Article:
CRITICAL LINKING: October 13, 2011

Our daily round-up of bookish links. Tastes great with coffee.


“In a culture dominated by film and television, all literary novels are so obscure as to be virtually invisible, and books that seem ubiquitous to people embedded in the publishing world are anything but to those who aren’t.”

I’ve only read two of the National Book Award finalists in fiction, and I’ve read more than 50 new American literary novels this year, including all of the AAA titles. Imagine how people who don’t do this feel when they look at the list.


“Right now anything made for the iPad is like performance art. I’m not interested in performance art.”

You’re not alone, Art. Performance art is like fruitcake; no one likes it, but people still keep making it for reasons no one really understands.


“But there’s one way, however, in which Madeleine defies believability: She has no true female friends.”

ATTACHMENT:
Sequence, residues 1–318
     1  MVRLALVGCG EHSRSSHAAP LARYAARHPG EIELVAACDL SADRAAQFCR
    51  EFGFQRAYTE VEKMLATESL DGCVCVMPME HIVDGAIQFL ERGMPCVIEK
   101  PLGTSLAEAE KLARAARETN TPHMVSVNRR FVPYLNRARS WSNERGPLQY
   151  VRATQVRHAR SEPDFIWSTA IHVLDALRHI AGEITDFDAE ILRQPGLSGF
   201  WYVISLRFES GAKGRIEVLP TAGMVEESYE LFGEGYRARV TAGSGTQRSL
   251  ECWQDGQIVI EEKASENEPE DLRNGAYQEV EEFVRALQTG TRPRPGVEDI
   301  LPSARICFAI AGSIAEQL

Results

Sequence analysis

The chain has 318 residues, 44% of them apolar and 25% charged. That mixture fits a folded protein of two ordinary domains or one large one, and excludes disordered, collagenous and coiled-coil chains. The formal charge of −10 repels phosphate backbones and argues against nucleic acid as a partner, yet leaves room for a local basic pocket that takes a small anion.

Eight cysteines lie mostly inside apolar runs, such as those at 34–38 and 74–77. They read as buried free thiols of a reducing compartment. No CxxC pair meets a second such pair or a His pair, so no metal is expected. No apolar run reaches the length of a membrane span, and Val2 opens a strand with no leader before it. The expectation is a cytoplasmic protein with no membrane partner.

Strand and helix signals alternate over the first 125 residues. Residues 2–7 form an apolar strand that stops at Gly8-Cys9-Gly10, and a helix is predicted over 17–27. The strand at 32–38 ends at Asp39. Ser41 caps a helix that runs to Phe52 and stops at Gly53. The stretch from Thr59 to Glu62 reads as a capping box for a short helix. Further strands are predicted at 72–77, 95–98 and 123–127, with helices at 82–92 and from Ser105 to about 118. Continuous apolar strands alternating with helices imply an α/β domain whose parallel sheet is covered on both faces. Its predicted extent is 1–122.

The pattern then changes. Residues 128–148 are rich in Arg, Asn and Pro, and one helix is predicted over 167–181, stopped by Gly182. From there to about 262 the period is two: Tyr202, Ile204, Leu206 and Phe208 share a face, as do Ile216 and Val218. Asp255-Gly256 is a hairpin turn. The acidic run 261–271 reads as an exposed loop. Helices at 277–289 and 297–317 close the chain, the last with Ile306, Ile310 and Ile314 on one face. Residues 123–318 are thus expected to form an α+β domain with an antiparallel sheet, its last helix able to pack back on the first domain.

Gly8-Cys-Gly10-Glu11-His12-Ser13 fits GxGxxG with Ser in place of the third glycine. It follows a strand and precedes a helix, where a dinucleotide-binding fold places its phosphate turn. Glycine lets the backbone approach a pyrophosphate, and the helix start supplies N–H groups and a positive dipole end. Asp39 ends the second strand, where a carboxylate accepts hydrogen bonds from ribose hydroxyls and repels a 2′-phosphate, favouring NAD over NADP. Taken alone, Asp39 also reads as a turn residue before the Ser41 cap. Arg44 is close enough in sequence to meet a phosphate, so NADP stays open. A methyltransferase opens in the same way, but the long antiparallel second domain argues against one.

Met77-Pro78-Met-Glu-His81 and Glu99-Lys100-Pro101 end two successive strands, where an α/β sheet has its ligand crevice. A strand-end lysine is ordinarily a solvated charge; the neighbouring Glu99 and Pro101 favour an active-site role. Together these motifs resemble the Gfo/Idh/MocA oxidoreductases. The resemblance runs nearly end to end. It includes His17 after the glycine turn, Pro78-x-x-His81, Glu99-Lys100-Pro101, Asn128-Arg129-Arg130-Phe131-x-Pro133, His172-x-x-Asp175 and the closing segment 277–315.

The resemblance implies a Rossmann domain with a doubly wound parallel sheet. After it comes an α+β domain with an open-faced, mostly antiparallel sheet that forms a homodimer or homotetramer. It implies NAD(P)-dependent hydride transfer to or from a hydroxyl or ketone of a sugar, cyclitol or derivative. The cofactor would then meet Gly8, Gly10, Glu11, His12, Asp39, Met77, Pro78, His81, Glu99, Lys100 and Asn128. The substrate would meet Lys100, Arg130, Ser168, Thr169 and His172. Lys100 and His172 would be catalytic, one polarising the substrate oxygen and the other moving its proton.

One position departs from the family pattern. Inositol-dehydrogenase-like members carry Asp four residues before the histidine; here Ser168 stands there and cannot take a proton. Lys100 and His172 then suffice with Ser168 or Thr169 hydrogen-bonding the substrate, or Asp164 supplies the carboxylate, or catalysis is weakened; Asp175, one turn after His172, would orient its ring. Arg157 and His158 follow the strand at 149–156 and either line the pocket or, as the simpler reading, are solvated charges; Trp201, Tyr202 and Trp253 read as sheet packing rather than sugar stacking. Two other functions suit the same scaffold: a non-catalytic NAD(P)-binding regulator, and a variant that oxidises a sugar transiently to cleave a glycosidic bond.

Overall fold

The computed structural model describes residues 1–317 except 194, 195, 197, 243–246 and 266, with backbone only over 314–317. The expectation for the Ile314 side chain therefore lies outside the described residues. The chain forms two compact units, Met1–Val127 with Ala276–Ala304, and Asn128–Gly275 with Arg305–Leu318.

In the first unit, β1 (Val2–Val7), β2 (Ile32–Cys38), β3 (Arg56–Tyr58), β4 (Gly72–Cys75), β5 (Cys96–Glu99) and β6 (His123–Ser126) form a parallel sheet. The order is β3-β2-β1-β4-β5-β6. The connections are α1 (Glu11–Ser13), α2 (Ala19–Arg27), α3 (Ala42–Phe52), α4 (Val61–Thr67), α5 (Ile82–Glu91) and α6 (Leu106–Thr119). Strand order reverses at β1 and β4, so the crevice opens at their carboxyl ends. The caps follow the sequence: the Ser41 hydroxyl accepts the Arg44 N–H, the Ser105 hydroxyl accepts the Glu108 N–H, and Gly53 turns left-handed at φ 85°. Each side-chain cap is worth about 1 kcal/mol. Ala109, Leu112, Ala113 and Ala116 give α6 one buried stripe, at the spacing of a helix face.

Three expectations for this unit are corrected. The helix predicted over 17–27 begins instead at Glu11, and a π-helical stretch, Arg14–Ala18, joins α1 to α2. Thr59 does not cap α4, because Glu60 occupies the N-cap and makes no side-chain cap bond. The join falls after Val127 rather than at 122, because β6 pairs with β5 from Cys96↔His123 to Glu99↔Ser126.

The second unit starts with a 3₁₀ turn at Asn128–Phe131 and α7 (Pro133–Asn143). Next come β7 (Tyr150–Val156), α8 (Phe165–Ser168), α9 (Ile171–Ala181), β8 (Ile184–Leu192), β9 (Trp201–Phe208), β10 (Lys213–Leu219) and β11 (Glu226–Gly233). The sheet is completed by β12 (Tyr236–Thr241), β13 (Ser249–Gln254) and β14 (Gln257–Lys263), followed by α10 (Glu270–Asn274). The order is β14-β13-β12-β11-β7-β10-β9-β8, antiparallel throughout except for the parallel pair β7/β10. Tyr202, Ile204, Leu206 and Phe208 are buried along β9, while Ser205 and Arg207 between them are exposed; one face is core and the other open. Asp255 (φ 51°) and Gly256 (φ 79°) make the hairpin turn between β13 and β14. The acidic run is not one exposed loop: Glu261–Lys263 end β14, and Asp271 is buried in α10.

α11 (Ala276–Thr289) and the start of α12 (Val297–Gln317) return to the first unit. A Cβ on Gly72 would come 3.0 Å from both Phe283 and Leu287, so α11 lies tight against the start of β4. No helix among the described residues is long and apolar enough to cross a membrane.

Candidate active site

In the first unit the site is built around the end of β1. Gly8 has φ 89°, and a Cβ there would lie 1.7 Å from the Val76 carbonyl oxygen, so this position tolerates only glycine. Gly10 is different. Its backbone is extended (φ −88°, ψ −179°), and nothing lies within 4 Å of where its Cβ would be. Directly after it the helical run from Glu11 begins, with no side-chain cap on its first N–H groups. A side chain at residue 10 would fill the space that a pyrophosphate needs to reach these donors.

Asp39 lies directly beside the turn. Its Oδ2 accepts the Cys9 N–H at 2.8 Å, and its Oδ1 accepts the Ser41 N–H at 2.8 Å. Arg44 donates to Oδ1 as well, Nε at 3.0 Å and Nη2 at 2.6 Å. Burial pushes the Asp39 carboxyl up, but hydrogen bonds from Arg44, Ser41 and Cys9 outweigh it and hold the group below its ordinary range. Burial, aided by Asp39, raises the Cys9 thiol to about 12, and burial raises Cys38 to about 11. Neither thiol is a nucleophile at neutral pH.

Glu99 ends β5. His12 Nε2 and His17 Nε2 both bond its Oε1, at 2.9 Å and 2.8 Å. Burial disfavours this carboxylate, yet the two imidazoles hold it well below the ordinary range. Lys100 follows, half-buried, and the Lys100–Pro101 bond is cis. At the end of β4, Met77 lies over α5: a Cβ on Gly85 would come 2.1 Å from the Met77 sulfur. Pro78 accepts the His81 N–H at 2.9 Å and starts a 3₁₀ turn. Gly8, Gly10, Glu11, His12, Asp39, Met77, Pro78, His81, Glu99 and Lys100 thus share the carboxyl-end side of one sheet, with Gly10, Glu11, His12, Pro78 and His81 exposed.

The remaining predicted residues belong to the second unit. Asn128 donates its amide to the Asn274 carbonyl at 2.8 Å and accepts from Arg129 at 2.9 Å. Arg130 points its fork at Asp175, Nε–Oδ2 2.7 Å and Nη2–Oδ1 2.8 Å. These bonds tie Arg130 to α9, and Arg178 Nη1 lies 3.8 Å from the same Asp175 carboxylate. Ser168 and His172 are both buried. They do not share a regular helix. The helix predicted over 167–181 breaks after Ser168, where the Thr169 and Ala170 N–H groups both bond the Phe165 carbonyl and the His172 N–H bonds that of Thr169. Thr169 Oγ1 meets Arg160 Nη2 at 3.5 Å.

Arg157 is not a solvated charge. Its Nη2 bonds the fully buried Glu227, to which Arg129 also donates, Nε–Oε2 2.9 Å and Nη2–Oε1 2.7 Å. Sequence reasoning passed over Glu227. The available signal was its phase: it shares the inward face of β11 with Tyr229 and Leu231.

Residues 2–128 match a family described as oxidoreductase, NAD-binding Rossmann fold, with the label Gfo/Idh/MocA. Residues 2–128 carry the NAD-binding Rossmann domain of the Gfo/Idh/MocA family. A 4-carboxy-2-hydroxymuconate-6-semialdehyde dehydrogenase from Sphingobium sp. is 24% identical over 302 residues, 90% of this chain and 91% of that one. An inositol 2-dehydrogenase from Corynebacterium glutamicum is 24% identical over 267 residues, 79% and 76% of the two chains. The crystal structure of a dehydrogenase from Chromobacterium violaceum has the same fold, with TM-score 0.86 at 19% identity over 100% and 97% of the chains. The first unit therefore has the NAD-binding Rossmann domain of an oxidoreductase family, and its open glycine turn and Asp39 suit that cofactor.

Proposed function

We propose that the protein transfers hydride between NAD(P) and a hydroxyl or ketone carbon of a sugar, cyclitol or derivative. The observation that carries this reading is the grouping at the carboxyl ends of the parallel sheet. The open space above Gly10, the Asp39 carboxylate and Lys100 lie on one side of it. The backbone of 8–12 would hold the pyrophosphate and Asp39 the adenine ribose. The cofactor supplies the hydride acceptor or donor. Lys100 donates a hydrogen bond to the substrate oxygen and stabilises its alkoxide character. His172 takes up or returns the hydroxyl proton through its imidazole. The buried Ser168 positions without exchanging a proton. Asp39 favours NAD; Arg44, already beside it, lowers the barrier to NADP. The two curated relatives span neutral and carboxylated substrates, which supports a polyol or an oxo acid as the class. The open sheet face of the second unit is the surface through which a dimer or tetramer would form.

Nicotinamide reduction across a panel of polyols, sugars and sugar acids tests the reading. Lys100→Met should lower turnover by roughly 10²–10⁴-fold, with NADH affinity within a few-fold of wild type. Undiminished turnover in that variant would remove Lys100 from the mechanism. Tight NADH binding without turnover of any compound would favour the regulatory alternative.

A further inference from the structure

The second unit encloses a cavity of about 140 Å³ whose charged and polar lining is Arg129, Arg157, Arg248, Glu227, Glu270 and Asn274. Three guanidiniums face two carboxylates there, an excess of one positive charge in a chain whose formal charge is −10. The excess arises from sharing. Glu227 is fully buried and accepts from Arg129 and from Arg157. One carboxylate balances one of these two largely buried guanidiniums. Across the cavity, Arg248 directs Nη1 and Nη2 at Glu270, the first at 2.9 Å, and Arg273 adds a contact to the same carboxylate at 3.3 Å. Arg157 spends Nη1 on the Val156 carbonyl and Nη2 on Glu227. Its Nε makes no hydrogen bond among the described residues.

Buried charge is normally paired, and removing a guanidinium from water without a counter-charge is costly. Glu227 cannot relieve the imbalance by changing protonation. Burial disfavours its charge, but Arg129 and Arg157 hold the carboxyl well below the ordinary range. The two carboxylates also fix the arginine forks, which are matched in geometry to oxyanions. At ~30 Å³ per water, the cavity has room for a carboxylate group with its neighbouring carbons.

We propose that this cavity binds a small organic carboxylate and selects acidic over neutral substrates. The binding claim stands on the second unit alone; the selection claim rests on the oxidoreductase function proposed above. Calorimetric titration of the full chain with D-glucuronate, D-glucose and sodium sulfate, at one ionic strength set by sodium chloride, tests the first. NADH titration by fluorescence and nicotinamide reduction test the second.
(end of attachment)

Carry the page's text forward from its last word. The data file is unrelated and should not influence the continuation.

I don’t get it. There are hundreds of novels about men who don’t have any true male friends, but if Eugenides writes about a woman with no true female friends, the novel is somehow fraudulent.


“The American Booksellers Association is exploring the possibility of bringing its own e-book reader to market in the United States.”

Here’s what I know: if the bully is stealing your lunch money, you don’t fight back by wearing the same sneakers that he does.


Any other interesting links floating around out there today?

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